Combining new drug palbociclib with a hormone therapy called fulvestrant could extend survival for some women with metastatic breast cancer, a major clinical trial suggests.
The trial tested the benefit of adding palbociclib to fulvestrant in 521 women with advanced, hormone positive, HER2 negative breast cancer.
While women taking palbociclib with fulvestrant in the trial (PALOMA-3) lived nearly seven months longer than those on fulvestrant alone, these results were not statistically significant. However, a specific group of patients – those whose breast cancer initially responded to anti-hormone treatments – did see a significant extension of life, of 10 months.
Palbociclib is part of a new class of drugs that work by inhibiting two crucial cell division proteins called CDK4 and CDK6 – known as CDK4/6 inhibitors. The drug is already available on the NHS as a first-line treatment for post-menopausal patients with hormone receptor (HR) positive, HER2 negative locally advanced or metastatic breast cancer – having been approved in this indication by the National Institute for Health and Care Excellence (NICE) in November 2017.
Recent clinical trials have found that giving palbociclib in combination with fulvestrant as a second-line treatment can delay the progression of the disease (known as progression-free survival), which is known to be highly valued by patients – but the evidence remains uncertain as to whether this translates into overall life-extension.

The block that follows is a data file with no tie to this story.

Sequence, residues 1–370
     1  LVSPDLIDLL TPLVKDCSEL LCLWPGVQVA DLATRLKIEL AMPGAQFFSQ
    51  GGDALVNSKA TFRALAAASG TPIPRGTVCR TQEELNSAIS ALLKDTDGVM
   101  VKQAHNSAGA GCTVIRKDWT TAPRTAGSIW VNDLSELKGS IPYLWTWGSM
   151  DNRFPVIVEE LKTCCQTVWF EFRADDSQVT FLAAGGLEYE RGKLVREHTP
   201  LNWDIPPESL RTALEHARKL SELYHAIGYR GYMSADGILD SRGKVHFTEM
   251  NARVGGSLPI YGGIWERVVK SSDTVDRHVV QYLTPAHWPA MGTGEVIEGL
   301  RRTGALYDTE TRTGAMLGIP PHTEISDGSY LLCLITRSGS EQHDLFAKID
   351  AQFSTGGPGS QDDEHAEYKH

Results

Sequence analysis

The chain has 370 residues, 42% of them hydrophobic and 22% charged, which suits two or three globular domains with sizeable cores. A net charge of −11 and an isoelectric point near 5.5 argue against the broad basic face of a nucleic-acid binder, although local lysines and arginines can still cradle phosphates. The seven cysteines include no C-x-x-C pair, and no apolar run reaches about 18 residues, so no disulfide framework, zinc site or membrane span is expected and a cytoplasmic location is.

Baroness Delyth Morgan, Chief Executive at Breast Cancer Now, said:
These are exciting results for a landmark therapy that we know can offer women with incurable breast cancer precious extra time before their disease gets worse. But, with this patient group desperately in need of new hope, it’s important to highlight that further research is needed to confirm whether this treatment may also extend their lives.
Palbociclib offers a life-changing and long-awaited step forward in treatment for many patients with incurable breast cancer, and we were delighted to see it made available on the NHS as a first-line therapy earlier this year. We are extremely excited to now be seeing that it could prove a new option for even more women, who have already progressed on hormone therapy, if given in combination with fulvestrant.
However, we are very concerned that this major advance will not be able to reach NHS breast cancer patients, as the appraisal methodology has not been updated to cope with modern combination therapies. With the cost of all parts in the combination counting towards the threshold, it remains very difficult for add-on therapies like this to be considered as cost-effective by NICE.
We simply cannot let research progress like this pass NHS patients by, and we urge for reform to NICE’s appraisal methodology to ensure new and effective combination therapies can be made available quickly at a price the NHS can afford.